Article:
UH scientist makes ‘Brilliant 10’ list
A 34-year-old astronomer who works part of the year at the University of Hawaii-Manoa has been named as one of Popular Science's "Brilliant 10" young researchers.
Amy Barger, who studies black holes and other phenomena with data from telescopes in space and on Mauna Kea, was named as one of "the most dynamic, promising young researchers at institutions around North America."
She was noted for her work in trying to understand distant objects that might reveal the universe's early history.
Barger earned a doctorate degree at Cambridge University and joined the UH Institute for Astronomy as a postdoctoral researcher.
Working initially with SCUBA, a far-infrared camera on the James Clerk Maxwell Submillimeter Telescope, she discovered an obscure population of quasars.
She worked extensively with astronomer Len Cowie studying black holes, star formation and quasars with the Hubble Space Telescope and orbiting Chandra X-ray Observatory.
She was one of only about 10 people to receive a Hubble Space Telescope fellowship and the first to receive Hubble and Chandra fellowships at the same time.
Barger divides her time now between the University of Wisconsin-Madison and UH-Manoa, where she works from January through the summer.
"She's great ... a real enthusiast," Cowie said. "She's a fun person to work with. She likes to understand the big picture problems. She's not a small-minded person."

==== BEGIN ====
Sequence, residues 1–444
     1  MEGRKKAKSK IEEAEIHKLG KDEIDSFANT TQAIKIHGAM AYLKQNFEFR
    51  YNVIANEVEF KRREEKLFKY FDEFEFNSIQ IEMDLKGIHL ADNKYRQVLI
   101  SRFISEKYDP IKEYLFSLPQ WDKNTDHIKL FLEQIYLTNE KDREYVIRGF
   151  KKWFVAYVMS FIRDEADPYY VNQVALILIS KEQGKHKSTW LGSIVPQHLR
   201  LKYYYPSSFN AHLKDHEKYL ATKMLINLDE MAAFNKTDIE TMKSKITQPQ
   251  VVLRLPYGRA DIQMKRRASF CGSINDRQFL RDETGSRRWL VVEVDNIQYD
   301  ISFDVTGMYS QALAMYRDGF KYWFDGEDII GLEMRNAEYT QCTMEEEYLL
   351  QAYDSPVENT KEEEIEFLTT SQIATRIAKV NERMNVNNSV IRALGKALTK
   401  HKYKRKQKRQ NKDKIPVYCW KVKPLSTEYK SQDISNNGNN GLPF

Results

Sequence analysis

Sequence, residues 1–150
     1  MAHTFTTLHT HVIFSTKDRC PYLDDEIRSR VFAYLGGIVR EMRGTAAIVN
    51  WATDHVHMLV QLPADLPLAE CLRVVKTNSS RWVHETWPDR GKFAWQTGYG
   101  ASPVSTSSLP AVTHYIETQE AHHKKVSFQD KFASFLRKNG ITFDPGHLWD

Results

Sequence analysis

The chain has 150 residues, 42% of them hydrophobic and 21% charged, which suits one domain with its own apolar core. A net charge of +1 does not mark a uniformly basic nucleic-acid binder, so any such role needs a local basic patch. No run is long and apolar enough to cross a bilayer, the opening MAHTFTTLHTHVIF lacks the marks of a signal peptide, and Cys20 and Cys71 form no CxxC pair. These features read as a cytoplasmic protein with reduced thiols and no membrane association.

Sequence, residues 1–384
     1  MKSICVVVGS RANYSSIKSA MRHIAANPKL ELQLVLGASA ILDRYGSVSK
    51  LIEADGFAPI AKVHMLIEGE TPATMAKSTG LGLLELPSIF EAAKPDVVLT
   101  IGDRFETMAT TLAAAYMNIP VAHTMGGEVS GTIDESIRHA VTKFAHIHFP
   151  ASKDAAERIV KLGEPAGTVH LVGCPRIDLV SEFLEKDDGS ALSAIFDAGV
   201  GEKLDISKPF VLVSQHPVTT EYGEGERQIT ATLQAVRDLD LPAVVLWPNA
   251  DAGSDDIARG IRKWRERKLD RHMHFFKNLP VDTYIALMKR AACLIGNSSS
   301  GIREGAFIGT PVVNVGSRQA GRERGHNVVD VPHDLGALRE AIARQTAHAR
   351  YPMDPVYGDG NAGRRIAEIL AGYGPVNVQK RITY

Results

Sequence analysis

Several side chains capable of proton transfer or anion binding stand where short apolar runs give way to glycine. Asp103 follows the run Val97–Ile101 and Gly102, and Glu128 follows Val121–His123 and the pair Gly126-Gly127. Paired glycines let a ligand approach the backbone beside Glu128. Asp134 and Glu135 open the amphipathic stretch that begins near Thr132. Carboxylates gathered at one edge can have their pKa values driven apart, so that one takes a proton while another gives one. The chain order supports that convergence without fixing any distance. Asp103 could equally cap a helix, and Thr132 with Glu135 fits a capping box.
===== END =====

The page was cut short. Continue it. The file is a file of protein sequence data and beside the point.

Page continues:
To get the big picture, Barger was among the first scientists to monitor multiple wavelengths -- optical, infrared and X-ray -- by combing data from many telescopes in space and on ground.
Recently, she has been getting "great infrared data" with a new wide field camera developed by former Institute for Astronomy Director Don Hall for the UH 88-inch telescope on Mauna Kea.
"It's a great advance," she said, explaining it can do two bands in infrared. "The biggest problem is trying to cover large areas."
Barger led a group that discovered black holes with at least 100 million times the mass of the sun ran out of "food" -- gas and dust -- during early formation of the universe and stopped growing billions of years ago.
Other black holes that are obscured haven't stopped accreting and are still growing, the team reported earlier this year in the Astronomical Journal.
Her team found that growth of black holes and birth of stars are strongly connected.
"It's been fun for me," Barger said in a telephone interview from Wisconsin. "I've been very lucky; I've had a lot of opportunities. Hawaii is really great. The telescopes there are so fantastic. They've enabled a lot of work to be done."
In identifying the "Brilliant 10" for the fourth year, Popular Science said it believes "scientists are the true celebrities of our time. Their contributions enhance our lives and stretch our imaginations."